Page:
Sea of Glory: America's Voyage of Discovery, The U.S. Exploring Expedition, 1838-1842

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Overview

America's first frontier was not the West; it was the sea-and no one writes more eloquently about that watery wilderness than Nathaniel Philbrick. In his bestselling In the Heart of the Sea Philbrick probed the nightmarish dangers of the vast Pacific. Now, in an epic sea adventure, he writes about one of the most ambitious voyages of discovery the Western world has ever seen-the U.S. Exploring Expedition of 1838? 1842. On a scale that dwarfed the journey of Lewis and Clark, six magnificent sailing vessels and a ...

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Sea of Glory: America's Voyage of Discovery, The U.S. Exploring Expedition, 1838-1842

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Overview

America's first frontier was not the West; it was the sea-and no one writes more eloquently about that watery wilderness than Nathaniel Philbrick. In his bestselling In the Heart of the Sea Philbrick probed the nightmarish dangers of the vast Pacific. Now, in an epic sea adventure, he writes about one of the most ambitious voyages of discovery the Western world has ever seen-the U.S. Exploring Expedition of 1838? 1842. On a scale that dwarfed the journey of Lewis and Clark, six magnificent sailing vessels and a crew of hundreds set out to map the entire Pacific Ocean-and ended up naming the newly discovered continent of Antarctica, collecting what would become the basis of the Smithsonian Institution, and much more.

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Editorial Reviews

Library Journal - Booksmack!
Where to go next from Bryson's wonderful launching pad is a question that could fill a decade with delight. If Richard Fortey's essay on collections caught your fancy, turn next to Philbrick's engrossing account of the voyage that formed the basis of the Smithsonian Institution. Here, amid stories of poor leadership, new lands, and battles, is the tale of a collection gathered, cataloged, and stored. Philbrick has the sensibility of a Royal Society fellow himself, and his book extends Bryson's argument that the world was discovered as much by error as intent. Read it with Fortey's own Dry Storeroom No.1 and Douglas J. Preston's Dinosaurs in the Attic for more detailed looks at how collections are created. Neal Wyatt, "RA Crossroads", Booksmack!, 12/2/10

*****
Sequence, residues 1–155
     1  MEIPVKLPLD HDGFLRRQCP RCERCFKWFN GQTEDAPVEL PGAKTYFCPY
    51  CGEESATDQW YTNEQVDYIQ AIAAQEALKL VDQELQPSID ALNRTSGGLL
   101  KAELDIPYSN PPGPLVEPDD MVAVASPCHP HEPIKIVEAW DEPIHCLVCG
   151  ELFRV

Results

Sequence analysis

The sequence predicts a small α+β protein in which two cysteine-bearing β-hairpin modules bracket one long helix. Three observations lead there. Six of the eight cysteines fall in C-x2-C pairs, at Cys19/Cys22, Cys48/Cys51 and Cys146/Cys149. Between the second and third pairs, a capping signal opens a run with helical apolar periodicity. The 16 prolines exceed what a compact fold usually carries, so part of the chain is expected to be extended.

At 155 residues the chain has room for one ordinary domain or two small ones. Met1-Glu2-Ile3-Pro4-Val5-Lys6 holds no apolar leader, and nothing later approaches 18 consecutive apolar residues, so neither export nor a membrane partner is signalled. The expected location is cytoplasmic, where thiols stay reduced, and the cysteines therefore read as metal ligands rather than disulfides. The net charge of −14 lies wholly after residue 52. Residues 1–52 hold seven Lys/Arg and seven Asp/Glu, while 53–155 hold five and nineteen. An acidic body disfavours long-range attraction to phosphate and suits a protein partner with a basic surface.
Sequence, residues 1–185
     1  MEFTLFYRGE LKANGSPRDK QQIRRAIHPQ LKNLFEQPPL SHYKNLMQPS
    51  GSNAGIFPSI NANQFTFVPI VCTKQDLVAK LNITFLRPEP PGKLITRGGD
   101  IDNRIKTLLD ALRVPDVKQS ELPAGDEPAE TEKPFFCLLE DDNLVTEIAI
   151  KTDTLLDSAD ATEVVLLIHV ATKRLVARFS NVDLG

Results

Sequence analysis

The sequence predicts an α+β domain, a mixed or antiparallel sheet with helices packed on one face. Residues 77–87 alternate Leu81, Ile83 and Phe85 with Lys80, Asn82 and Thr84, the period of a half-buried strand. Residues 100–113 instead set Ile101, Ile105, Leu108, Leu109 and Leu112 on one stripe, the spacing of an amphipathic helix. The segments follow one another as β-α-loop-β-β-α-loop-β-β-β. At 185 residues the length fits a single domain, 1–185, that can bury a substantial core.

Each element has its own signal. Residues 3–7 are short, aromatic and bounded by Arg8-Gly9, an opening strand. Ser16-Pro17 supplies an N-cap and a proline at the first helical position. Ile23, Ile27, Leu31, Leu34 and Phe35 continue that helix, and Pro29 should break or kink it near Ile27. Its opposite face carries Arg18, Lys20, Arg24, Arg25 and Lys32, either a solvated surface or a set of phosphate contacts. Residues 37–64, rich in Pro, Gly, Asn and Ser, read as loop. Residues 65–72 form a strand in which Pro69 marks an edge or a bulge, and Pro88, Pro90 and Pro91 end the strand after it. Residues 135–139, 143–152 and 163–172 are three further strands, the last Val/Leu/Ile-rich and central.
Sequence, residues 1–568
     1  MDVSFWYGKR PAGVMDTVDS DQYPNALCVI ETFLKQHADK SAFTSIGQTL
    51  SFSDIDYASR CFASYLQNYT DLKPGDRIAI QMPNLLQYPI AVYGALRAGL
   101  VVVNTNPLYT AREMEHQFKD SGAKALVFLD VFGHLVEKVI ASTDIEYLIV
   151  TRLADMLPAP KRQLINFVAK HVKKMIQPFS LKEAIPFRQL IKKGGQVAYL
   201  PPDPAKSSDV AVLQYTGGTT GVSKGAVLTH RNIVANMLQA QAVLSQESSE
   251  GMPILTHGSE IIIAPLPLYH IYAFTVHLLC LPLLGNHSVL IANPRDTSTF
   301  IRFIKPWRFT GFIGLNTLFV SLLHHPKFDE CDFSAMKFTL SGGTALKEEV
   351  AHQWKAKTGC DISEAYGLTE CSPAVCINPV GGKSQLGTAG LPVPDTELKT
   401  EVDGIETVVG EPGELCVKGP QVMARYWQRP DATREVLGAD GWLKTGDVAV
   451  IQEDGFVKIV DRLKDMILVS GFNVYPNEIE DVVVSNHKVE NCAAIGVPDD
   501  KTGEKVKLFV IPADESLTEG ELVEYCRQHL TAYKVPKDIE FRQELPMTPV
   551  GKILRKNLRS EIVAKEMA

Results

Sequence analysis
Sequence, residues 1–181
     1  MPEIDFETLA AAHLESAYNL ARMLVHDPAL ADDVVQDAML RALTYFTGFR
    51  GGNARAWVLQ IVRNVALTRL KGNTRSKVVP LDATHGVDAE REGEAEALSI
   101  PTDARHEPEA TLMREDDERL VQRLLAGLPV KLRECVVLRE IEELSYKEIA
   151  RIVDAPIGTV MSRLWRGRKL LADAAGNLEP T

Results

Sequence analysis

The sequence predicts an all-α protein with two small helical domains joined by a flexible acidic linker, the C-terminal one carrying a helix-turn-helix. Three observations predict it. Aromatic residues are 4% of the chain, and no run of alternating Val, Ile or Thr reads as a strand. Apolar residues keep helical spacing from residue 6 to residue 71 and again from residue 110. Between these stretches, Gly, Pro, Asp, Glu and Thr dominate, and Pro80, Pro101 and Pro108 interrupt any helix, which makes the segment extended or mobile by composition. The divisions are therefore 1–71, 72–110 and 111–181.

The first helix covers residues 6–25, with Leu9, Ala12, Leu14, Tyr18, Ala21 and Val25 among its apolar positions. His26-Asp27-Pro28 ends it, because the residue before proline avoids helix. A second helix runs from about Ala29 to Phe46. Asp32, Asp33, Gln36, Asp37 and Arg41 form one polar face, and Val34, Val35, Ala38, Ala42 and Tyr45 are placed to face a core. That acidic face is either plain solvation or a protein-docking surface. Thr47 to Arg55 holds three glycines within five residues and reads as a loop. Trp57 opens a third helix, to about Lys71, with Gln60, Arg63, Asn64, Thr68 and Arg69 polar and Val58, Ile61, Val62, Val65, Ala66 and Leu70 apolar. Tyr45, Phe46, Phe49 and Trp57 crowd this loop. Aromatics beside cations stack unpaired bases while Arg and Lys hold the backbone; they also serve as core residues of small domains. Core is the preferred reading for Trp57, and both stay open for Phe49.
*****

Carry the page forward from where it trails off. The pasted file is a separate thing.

The New York Times
Nathaniel Philbrick's Sea of Glory maintains that Wilkes's arrogance and insecurity even managed to undermine the importance of the expedition's achievements. And Mr. Philbrick provides much evidence of the man's fantastically self-destructive tendencies. While much of this book follows the exploring expedition's exciting and varied adventures, its closing chapters show how the legacy of the Ex. Ex., as it was called, has been obscured. "For more than a century," Mr. Philbrick writes, "Wilkes has stood astride the legacy of the Ex. Ex. like an inscrutable colossus, a forbidding impediment to all who would want to know more." — Janet Maslin
Publishers Weekly
After chronicling the sinking of the whaleship Essex in In the Heart of the Sea, Philbrick attempts to rescue from obscurity the U.S. Exploring Expedition's 1838-1842 circumnavigation of the world and its cartographic and scientific accomplishments. With a strong narrative pull but an anticlimactic story arc, he chronicles the six-vessel squadron's Pacific escapades. Instead of a grisly page-turner, however, Philbrick follows his bestselling tragedy with a drawn-out success story. More than a tale of the Ex. Ex's journey, the book also profiles the expedition's egomaniacal commander, Lt. Charles Wilkes; the psychological warfare he waged against his officers; and the near-miraculous survival of the squadron despite Wilkes's perverse leadership and lack of nautical experience. Wilkes was, however, an accomplished surveyor, and the Ex. Ex. mapped hundreds of Pacific islands, 800 miles of the Oregon coast, 100 miles of the Columbia River and 1,500 miles of Antarctic coast. The expedition's scientists made groundbreaking contributions in ethnography, biology and geology (their collections formed the basis of the Smithsonian Institution). Particularly noteworthy among Philbrick's gripping passages are his descriptions of brash navigation in the Antarctic-but too much of the book bogs down in Wilkes's petty politicking, as he degraded talented men and promoted incompetent ones so as not to be outshone. After four years at sea, he had alienated nearly every officer and returned home to a court-martial. "Instead of a thrilling tale of discovery and incredible achievement, [America] heard more about the flawed personality of the Expedition's commander than anyone wanted to know," Philbrick writes of Wilkes's 1842 trial, in which he was acquitted. Unfortunately, this spoils the retelling, too. Maps not seen by PW. (On sale Nov. 10) Forecast: Despite a 12-city author tour, national ads and the success of Philbrick's previous National Book Award winner, it's hard to imagine Sea of Glory's subject matter luring as wide an audience as In the Heart of the Sea did. Copyright 2003 Reed Business Information.